Creating a Mystery

Posted on 20th Oct 2014

Creating a mystery is a bit like peeling an onion. You build it, or deconstruct it, layer by layer. In our Murder Mysteries the characters start out as respectable members of society. Often they will be aristocrats, business people or professionals, for example solicitors. In fact they are all deeply flawed and these flaws are revealed as the mystery deepends. For example they might be alcoholics, adulterers and fraudsters. Suspects will point out the flaws of other suspects to take the heat off themselves and clues will be fed into the plot which hint at subplots. In the end all of the clues come together to form a plot jiggsaw which teams solve. They must decide which of these flawed individuals is most likely to be the murderer.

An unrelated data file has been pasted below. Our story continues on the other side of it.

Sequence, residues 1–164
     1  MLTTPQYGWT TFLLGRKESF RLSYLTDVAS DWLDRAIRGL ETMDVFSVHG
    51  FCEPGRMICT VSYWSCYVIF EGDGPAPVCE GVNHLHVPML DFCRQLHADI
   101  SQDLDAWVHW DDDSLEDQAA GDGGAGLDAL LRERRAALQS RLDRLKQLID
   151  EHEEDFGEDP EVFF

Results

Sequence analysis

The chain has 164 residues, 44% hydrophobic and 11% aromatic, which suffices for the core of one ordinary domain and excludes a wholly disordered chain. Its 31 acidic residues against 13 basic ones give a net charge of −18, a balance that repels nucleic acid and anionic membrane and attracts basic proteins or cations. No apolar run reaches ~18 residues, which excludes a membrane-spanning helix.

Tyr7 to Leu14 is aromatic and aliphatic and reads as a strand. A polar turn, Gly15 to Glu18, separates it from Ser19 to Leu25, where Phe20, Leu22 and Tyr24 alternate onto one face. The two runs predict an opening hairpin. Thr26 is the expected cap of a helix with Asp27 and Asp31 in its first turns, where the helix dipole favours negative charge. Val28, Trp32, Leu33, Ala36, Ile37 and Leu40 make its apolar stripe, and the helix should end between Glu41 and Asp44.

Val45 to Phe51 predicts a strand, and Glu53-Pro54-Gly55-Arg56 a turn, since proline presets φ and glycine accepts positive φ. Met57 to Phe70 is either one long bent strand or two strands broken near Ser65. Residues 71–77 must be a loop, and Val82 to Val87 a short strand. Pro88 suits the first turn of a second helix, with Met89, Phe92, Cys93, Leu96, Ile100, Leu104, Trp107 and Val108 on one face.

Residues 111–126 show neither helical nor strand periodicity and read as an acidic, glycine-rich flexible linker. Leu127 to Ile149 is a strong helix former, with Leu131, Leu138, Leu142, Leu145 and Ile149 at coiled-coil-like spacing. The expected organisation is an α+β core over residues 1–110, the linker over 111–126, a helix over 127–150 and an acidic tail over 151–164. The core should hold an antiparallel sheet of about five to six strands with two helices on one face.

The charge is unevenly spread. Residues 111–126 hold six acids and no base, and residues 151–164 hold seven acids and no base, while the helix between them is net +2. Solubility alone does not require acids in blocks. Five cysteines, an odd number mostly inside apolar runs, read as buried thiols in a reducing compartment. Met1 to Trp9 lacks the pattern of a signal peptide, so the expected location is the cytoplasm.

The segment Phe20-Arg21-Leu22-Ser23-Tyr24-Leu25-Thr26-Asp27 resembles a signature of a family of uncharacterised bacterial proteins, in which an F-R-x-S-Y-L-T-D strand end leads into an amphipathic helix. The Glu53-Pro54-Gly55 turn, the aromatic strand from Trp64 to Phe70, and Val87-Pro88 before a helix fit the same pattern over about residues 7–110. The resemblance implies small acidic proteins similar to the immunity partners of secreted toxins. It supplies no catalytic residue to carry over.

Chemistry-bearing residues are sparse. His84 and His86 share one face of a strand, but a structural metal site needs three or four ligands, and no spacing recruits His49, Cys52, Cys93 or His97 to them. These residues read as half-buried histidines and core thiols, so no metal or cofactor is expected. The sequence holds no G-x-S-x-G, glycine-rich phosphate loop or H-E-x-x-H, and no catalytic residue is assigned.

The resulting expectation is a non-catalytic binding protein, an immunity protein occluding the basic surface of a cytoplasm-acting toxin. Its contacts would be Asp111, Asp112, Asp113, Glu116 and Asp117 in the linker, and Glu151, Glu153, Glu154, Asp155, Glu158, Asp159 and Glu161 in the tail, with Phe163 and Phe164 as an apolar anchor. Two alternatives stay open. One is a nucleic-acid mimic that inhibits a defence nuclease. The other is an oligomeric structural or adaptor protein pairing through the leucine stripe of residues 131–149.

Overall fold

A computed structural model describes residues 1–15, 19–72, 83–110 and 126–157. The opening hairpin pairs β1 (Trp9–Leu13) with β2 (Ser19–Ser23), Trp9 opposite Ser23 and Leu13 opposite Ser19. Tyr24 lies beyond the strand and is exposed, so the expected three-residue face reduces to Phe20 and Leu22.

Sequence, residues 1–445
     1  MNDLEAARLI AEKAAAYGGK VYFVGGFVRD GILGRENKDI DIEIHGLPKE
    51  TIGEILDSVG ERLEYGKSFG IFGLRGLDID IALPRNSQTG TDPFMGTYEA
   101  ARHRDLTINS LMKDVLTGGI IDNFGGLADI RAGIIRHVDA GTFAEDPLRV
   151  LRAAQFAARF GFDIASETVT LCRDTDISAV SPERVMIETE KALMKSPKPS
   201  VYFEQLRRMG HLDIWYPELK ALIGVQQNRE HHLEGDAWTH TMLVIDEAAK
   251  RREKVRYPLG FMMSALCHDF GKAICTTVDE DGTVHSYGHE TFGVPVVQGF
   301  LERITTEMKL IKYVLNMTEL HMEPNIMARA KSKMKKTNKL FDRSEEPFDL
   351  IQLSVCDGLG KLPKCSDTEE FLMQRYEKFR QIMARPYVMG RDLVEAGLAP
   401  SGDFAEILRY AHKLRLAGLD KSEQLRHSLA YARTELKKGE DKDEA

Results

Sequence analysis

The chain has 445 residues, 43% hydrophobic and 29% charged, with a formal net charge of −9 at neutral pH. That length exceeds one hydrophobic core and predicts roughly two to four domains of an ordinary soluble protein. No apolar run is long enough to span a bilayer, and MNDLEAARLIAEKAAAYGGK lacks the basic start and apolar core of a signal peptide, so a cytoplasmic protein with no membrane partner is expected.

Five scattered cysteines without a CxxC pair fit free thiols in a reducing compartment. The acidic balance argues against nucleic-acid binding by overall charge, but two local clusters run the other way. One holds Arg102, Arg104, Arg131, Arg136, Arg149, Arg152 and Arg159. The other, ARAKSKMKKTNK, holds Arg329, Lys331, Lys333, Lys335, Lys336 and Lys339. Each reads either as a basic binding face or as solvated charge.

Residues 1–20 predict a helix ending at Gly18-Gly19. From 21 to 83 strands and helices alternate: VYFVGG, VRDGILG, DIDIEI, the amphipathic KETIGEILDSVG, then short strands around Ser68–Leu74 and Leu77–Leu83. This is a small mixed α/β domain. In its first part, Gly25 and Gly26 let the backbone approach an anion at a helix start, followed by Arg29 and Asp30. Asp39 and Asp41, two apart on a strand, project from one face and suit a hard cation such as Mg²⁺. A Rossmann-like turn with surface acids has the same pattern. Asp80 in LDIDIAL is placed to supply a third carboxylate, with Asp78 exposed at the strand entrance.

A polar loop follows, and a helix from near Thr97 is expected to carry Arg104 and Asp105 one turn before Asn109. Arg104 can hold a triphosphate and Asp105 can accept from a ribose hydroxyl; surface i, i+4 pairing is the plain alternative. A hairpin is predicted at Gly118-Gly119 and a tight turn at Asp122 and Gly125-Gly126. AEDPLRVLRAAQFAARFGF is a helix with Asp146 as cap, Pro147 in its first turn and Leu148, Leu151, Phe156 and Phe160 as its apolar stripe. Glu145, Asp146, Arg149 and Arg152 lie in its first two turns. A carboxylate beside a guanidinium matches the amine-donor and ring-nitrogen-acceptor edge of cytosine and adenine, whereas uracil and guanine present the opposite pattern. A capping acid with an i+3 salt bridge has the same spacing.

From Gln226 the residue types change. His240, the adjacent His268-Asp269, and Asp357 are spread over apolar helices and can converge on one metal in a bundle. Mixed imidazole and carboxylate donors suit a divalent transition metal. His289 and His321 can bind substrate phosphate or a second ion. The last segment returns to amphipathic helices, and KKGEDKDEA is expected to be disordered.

Marble Millionaires is a different sort of event. Teams have a stock of their own marbles, each of which has a different value, and the aim is to trade with other teams to pool together the most valuable possible collection of marbles. News is fed into the game bit by bit which changes the value of the marbles. Sometimes it's good news for your collection, often it's not. Teams can follow these value plots and use skill and judgment to guess what's coming next and sell out or hold on to their stock. The technique used to create this game has much in common with writing a Murder Mystery.

We can also create bespoke role play games to achieve specific objectives using these techniques. Examples include learning about a new product, company values and we have even created a game to bring annual accounts to life. The key is to create fun games that people want to play which have the earning as a by-product.

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